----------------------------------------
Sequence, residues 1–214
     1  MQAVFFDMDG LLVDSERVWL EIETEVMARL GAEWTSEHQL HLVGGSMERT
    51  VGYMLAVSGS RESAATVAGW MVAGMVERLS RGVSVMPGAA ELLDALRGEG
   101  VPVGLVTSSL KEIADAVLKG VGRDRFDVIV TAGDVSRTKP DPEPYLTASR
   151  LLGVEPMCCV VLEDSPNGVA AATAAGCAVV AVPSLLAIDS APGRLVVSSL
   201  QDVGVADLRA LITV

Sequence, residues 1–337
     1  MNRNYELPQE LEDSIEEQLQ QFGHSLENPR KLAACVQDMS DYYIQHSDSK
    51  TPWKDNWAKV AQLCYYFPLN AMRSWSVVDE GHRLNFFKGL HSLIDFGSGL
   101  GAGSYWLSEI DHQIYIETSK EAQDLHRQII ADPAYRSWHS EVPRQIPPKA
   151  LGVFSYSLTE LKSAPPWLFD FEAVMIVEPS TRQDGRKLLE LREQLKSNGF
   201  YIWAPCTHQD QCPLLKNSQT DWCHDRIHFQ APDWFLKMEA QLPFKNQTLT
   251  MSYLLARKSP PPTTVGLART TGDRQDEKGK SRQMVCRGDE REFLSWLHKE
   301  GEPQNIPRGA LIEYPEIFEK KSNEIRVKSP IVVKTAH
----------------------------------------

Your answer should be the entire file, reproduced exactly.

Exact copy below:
Sequence, residues 1–214
     1  MQAVFFDMDG LLVDSERVWL EIETEVMARL GAEWTSEHQL HLVGGSMERT
    51  VGYMLAVSGS RESAATVAGW MVAGMVERLS RGVSVMPGAA ELLDALRGEG
   101  VPVGLVTSSL KEIADAVLKG VGRDRFDVIV TAGDVSRTKP DPEPYLTASR
   151  LLGVEPMCCV VLEDSPNGVA AATAAGCAVV AVPSLLAIDS APGRLVVSSL
   201  QDVGVADLRA LITV

Sequence, residues 1–337
     1  MNRNYELPQE LEDSIEEQLQ QFGHSLENPR KLAACVQDMS DYYIQHSDSK
    51  TPWKDNWAKV AQLCYYFPLN AMRSWSVVDE GHRLNFFKGL HSLIDFGSGL
   101  GAGSYWLSEI DHQIYIETSK EAQDLHRQII ADPAYRSWHS EVPRQIPPKA
   151  LGVFSYSLTE LKSAPPWLFD FEAVMIVEPS TRQDGRKLLE LREQLKSNGF
   201  YIWAPCTHQD QCPLLKNSQT DWCHDRIHFQ APDWFLKMEA QLPFKNQTLT
   251  MSYLLARKSP PPTTVGLART TGDRQDEKGK SRQMVCRGDE REFLSWLHKE
   301  GEPQNIPRGA LIEYPEIFEK KSNEIRVKSP IVVKTAH